Water Filters: An Integral Part of Any Rainwater Collection System
Rainwater is safe for most household uses. Although some studies have shown that roof-harvested rainwater is generally potable, government agencies advise to avoid drinking the water unfiltered, as there are certain risks associated with it. Remember that rainwater comes in contact with various surfaces (roof, gutters, etc.) before it reaches your tank, not to mention the fact that it could already be carrying hazardous contaminants and pathogens such as the following:
Most pathogenic bacteria found in rainwater come from human and animal matter. Variables such as the specific type of bacteria and the strength of an individual’s immune system will determine if he or she will get sick from drinking untreated rainwater.
Protozoa, such as cryptosporidium and giardia, are parasites that live in the intestines of humans and animals. Once in the body, these microorganisms can cause diarrhoea, nausea, fever, abdominal cramps, weight loss and gastrointestinal distress. Their cysts (a dormant form), meanwhile, can resist disinfection.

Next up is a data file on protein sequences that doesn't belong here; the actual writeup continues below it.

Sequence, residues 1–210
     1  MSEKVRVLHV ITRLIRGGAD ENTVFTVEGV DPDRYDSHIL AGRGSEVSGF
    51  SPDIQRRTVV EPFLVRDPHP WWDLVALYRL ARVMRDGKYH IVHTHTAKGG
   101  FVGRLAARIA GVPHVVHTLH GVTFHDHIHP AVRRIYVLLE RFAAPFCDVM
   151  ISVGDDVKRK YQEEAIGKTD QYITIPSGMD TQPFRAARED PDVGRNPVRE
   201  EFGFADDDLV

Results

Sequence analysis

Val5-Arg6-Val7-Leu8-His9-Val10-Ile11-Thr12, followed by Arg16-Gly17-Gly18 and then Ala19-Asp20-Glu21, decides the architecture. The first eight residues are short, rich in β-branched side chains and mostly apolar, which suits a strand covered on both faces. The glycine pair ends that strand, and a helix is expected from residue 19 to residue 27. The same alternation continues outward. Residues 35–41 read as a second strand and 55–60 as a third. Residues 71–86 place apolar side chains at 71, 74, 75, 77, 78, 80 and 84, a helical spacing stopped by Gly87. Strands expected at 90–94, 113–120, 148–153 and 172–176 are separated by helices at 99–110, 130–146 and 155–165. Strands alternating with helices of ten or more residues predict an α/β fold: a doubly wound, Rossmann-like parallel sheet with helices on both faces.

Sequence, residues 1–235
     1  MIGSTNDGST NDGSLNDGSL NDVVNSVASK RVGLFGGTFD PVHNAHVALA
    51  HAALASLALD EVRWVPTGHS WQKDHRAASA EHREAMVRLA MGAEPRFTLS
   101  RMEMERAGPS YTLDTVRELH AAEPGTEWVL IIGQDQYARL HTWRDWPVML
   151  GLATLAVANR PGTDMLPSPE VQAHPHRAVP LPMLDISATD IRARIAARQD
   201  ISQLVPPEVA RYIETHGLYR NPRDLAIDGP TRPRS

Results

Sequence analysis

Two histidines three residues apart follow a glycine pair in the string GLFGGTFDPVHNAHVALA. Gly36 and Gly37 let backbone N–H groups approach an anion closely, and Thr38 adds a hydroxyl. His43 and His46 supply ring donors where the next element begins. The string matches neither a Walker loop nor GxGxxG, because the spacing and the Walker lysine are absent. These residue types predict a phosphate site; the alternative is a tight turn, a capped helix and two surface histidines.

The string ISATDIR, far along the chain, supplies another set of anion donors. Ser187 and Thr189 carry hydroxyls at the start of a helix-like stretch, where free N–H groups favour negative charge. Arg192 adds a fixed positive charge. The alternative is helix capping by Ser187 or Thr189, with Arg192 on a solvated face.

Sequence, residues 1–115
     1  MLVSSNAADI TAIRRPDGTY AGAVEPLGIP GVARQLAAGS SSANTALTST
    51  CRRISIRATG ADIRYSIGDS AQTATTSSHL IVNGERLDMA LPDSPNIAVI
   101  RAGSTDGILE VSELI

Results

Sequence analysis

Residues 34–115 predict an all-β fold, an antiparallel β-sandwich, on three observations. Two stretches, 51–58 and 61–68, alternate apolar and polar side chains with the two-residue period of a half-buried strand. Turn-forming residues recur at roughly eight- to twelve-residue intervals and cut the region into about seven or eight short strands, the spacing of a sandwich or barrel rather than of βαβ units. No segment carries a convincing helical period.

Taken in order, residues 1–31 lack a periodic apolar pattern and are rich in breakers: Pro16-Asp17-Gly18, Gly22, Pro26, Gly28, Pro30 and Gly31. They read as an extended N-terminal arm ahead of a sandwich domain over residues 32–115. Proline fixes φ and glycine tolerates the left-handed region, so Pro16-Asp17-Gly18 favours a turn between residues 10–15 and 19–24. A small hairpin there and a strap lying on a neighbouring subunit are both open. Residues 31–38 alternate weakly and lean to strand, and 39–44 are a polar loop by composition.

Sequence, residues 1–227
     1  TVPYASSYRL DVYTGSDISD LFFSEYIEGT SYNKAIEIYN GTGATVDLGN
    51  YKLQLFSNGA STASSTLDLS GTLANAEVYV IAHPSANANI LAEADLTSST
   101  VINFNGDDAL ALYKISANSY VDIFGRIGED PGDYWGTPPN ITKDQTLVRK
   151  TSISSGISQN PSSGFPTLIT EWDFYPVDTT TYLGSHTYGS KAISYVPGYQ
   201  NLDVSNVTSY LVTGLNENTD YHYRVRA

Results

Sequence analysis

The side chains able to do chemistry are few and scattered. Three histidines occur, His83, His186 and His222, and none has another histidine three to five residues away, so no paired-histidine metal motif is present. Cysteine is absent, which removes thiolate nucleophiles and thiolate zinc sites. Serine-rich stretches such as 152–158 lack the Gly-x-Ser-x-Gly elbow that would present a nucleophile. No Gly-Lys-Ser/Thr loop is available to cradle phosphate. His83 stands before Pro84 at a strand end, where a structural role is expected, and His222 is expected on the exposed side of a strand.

Rain can certainly carry viruses. After all, viruses are microscopic organisms that can easily be absorbed into falling rain. Viruses that attack the immune system can cause their hosts to fall ill, so their entry into drinking water must be prevented at all costs.
A range of toxic chemicals including pesticides, nitrate, chlorine, fluoride and certain metals can pollute rainwater. These hazardous chemicals can negatively impact human health and cause developmental and reproductive problems.
If you collect and store rainwater for drinking, you can lower your risk of infection by installing high-quality water filters sold by Perth rainwater tank suppliers such as Rainfill Tanks and Curved Roofing Supplies. These companies sell inlet/first flush filters, in-line filters and UV treatment systems to make collected rainwater safe to drink.
In addition to purchasing water filter systems, have the water in your tank tested regularly, and contact your local or state health department if you have any concerns. In most cases, such government agencies may test your water free of charge as part of their monitoring programme.
Health Risk from the Use of Roof-Harvested Rainwater in Southeast Queensland, Australia, as Potable or Nonpotable Water, Determined Using Quantitative Microbial Risk Assessment, U.S. National Library of Medicine
Is The Water In Your Rainwater Tank Safe To Drink?, Environmental Health Guide